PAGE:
32. ^ J. Meakin, and P. Weil. Subgroups of free groups: a contribution to the Hanna Neumann conjecture. Proceedings of the Conference on Geometric and Combinatorial Group Theory, Part I (Haifa, 2000). Geometriae Dedicata, vol. 94 (2002), pp. 33–43.
  33. ^ Warren Dicks. Equivalence of the strengthened Hanna Neumann conjecture and the amalgamated graph conjecture. Inventiones Mathematicae, vol. 117 (1994), no. 3, pp. 373–389.
  34. ^ Warren Dicks, and Edward Formanek. The rank three case of the Hanna Neumann conjecture. Journal of Group Theory, vol. 4 (2001), no. 2, pp. 113–151
  35. ^ Bilal Khan. Positively generated subgroups of free groups and the Hanna Neumann conjecture. Combinatorial and geometric group theory (New York, 2000/Hoboken, NJ, 2001), pp. 155–170, Contemp. Math., 296, Amer. Math. Soc., Providence, RI, 2002; ISBN 0-8218-2822-3
  36. ^ Jean-Camille Birget, and Stuart W. Margolis. Two-letter group codes that preserve aperiodicity of inverse finite automata. Semigroup Forum, vol. 76 (2008), no. 1, pp. 159–168
  37. ^ D. S. Ananichev, A. Cherubini, M. V. Volkov. Image reducing words and subgroups of free groups. Theoretical Computer Science, vol. 307 (2003), no. 1, pp. 77–92.
  38. ^ J. Almeida, and M. V. Volkov. Subword complexity of profinite words and subgroups of free profinite semigroups. International Journal of Algebra and Computation, vol. 16 (2006), no. 2, pp. 221–258.
  39. ^ Benjamin Steinberg. A topological approach to inverse and regular semigroups. Pacific Journal of Mathematics, vol. 208 (2003), no. 2, pp. 367–396
  40. ^ John R. Stallings. Foldings of G-trees. Arboreal group theory (Berkeley, CA, 1988), pp. 355–368, Math. Sci. Res. Inst. Publ., 19, Springer, New York, 1991; ISBN 0-387-97518-7
  41. ^ Mladen Bestvina and Mark Feighn. Bounding the complexity of simplicial group actions on trees, Inventiones Mathematicae, vol. 103, (1991), no. 3, pp. 449–469
  42. ^ M. J. Dunwoody. Folding sequences. The Epstein birthday schrift, pp. 139–158 (electronic), Geometry and Topology Monographs, 1, Geom. Topol. Publ., Coventry, 1998.
  43. ^ Ilya Kapovich, Richard Weidmann, and Alexei Miasnikov. Foldings, graphs of groups and the membership problem. International Journal of Algebra and Computation, vol. 15 (2005), no. 1, pp. 95–128.
  44. ^ Yuri Gurevich, and Paul E. Schupp. Membership problem for the modular group. SIAM Journal on Computing, vol. 37 (2007), no. 2, pp. 425–459
  45. ^ John R. Stallings. Non-positively curved triangles of groups. Group theory from a geometrical viewpoint (Trieste, 1990), pp. 491–503, World Sci. Publ., River Edge, NJ, 1991; ISBN 981-02-0442-6
  46. ^ André Haefliger. Complexes of groups and orbihedra. in: "Group theory from a geometrical viewpoint (Trieste, 1990)", pp. 504–540, World Sci. Publ., River Edge, NJ, 1991. ISBN 981-02-0442-6
  47. ^ Jon Corson. Complexes of groups. Proceedings of the London Mathematical Society (3) 65 (1992), no. 1, pp. 199–224.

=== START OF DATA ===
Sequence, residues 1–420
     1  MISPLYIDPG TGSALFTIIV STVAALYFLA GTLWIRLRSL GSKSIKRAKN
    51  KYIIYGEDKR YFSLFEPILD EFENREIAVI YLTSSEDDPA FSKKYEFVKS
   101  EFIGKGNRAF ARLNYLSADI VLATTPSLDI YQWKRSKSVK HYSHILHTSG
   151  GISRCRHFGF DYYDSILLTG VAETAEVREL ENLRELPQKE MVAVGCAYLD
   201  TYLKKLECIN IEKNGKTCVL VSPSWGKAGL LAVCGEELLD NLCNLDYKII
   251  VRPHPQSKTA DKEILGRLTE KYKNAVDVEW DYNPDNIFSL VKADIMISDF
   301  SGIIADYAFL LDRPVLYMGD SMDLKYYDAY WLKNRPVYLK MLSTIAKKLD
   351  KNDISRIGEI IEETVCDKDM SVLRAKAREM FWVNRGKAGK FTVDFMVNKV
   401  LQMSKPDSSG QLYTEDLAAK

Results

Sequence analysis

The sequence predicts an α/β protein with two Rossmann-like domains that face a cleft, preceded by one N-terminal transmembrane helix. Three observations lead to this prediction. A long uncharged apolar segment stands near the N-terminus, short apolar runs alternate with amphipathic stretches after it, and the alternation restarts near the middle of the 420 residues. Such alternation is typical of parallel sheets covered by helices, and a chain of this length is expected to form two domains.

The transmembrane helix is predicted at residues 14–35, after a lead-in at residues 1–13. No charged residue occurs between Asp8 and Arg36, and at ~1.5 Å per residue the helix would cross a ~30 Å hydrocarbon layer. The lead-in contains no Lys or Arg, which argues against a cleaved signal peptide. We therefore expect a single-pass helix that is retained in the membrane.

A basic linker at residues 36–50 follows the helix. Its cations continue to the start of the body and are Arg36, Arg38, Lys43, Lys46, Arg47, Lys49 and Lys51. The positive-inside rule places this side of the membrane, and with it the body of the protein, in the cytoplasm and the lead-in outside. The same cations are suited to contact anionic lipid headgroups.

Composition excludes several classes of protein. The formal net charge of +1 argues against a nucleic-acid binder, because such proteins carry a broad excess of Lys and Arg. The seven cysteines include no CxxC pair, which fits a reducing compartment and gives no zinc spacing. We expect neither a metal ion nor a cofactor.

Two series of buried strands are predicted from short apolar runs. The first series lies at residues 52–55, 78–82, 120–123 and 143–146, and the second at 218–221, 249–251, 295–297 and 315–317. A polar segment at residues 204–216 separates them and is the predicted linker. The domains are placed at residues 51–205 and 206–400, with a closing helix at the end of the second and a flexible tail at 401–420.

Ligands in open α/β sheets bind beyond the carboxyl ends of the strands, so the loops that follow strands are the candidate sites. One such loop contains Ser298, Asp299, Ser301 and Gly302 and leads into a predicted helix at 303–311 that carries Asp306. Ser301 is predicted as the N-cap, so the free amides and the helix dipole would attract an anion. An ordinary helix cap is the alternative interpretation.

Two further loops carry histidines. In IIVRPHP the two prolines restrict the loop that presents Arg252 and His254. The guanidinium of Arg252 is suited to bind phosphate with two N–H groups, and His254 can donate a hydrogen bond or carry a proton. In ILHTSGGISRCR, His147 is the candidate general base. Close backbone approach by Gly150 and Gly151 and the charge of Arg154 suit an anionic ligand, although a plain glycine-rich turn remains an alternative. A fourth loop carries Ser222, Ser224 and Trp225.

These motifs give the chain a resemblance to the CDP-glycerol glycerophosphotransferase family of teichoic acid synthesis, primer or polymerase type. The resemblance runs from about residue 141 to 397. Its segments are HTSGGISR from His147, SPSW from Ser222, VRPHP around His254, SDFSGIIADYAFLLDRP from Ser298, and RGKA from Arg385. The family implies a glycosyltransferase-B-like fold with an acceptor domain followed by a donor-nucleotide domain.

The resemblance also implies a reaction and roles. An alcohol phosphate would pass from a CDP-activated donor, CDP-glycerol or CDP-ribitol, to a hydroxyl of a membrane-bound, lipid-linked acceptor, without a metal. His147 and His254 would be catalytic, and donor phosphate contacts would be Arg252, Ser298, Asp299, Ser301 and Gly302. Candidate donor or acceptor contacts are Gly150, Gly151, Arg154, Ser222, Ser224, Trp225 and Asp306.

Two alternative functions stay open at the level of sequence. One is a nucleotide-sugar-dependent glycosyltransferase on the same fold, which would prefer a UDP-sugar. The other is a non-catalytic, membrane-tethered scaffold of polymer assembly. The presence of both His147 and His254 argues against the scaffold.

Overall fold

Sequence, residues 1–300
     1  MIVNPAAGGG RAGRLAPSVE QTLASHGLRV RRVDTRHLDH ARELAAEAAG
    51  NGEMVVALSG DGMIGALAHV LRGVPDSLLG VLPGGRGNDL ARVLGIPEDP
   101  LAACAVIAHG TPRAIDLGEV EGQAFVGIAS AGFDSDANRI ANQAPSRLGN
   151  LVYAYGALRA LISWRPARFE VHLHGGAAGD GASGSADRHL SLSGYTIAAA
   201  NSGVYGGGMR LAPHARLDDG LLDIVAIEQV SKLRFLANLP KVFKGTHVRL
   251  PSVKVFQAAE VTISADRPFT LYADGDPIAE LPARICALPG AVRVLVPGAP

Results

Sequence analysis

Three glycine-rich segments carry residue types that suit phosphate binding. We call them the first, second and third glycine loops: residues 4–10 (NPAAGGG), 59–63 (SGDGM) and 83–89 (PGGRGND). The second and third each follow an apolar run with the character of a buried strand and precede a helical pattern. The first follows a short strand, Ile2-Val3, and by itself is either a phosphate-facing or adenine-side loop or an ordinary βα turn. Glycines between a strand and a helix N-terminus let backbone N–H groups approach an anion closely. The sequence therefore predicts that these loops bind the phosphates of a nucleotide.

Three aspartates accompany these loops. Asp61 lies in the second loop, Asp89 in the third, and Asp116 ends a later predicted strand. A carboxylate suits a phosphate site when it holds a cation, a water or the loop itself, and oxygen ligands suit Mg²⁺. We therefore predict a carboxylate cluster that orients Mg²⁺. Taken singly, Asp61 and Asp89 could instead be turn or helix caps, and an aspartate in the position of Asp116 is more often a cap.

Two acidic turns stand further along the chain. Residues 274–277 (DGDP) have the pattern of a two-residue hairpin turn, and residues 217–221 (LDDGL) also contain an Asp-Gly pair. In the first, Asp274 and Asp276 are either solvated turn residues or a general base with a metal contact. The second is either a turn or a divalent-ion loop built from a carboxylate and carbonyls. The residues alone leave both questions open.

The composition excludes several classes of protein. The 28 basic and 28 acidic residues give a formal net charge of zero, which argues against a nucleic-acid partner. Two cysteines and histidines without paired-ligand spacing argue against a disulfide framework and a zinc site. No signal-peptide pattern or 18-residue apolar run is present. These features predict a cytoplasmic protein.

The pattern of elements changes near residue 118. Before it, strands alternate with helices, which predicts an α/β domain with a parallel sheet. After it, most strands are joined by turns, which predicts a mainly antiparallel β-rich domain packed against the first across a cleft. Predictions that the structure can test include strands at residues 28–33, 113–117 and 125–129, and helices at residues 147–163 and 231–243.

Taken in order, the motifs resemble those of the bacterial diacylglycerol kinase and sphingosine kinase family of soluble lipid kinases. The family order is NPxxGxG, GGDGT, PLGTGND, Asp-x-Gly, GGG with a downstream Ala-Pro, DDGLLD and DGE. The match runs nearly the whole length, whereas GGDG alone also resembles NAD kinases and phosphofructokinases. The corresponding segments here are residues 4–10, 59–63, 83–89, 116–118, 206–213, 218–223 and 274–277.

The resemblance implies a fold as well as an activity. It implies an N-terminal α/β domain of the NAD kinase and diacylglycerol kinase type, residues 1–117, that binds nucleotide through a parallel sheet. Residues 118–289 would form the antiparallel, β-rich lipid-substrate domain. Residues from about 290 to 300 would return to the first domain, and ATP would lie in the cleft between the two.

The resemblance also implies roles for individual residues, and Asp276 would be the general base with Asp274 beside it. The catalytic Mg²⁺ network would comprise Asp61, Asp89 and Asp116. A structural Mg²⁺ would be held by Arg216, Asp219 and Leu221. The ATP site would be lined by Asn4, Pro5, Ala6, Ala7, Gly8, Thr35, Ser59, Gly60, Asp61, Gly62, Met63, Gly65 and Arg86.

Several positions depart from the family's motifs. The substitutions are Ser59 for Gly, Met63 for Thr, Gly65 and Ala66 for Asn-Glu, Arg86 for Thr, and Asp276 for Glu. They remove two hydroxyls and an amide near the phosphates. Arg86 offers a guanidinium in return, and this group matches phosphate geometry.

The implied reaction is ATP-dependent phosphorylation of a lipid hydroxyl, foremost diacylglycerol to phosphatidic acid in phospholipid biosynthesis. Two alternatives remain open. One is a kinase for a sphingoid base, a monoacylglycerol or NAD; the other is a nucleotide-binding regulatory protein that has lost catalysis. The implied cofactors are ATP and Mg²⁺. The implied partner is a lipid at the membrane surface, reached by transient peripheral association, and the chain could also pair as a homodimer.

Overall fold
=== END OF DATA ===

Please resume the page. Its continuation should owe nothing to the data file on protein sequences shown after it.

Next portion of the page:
48. ^ Martin R. Bridson, and André Haefliger. Metric spaces of non-positive curvature. Grundlehren der Mathematischen Wissenschaften [Fundamental Principles of Mathematical Sciences], 319. Springer-Verlag, Berlin, 1999. ISBN 3-540-64324-9
  49. ^ John R. Stallings. On fibering certain 3-manifolds. 1962 Topology of 3-manifolds and related topics (Proc. The Univ. of Georgia Institute, 1961) pp. 95–100. Prentice-Hall, Englewood Cliffs, N.J
  50. ^ John Hempel, and William Jaco. 3-manifolds which fiber over a surface. American Journal of Mathematics, vol. 94 (1972), pp. 189–205
  51. ^ Alois Scharf. Zur Faserung von Graphenmannigfaltigkeiten. (in German) Mathematische Annalen, vol. 215 (1975), pp. 35–45.
  52. ^ Louis Zulli. Semibundle decompositions of 3-manifolds and the twisted cofundamental group. Topology and its Applications, vol. 79 (1997), no. 2, pp. 159–172
  53. ^ Nathan M. Dunfield, and Dylan P. Thurston. A random tunnel number one 3-manifold does not fiber over the circle. Geometry & Topology, vol. 10 (2006), pp. 2431–2499
  54. ^ W. Browder, and J. Levine. Fibering manifolds over a circle. Commentarii Mathematici Helvetici, vol. 40 (1966), pp. 153–160
  55. ^ a b John R. Stallings. How not to prove the Poincaré conjecture. Topology Seminar, Wisconsin, 1965. Edited by R. H. Bing and R. J. Bean. Annals of Mathematics Studies, No. 60. Princeton University Press, Princeton, N.J. 1966
  56. ^ Robert Myers. Splitting homomorphisms and the geometrization conjecture. Mathematical Proceedings of the Cambridge Philosophical Society, vol. 129 (2000), no. 2, pp. 291–300
  57. ^ Tullio Ceccherini-Silberstein. On the Grigorchuk-Kurchanov conjecture. Manuscripta Mathematica 107 (2002), no. 4, pp. 451–461
  58. ^ V. N. Berestovskii. Poincaré's conjecture and related statements. (in Russian) Izvestiya Vysshikh Uchebnykh Zavedenii. Matematika. vol. 51 (2000), no. 9, pp. 3–41; translation in Russian Mathematics (Izvestiya VUZ. Matematika), vol. 51 (2007), no. 9, 1–36
  59. ^ V. Poenaru. Autour de l'hypothèse de Poincaré. in: "Géométrie au XXe siècle, 1930–2000 : histoire et horizons". Montréal, Presses internationales Polytechnique, 2005. ISBN 2-553-01399-X, 9782553013997.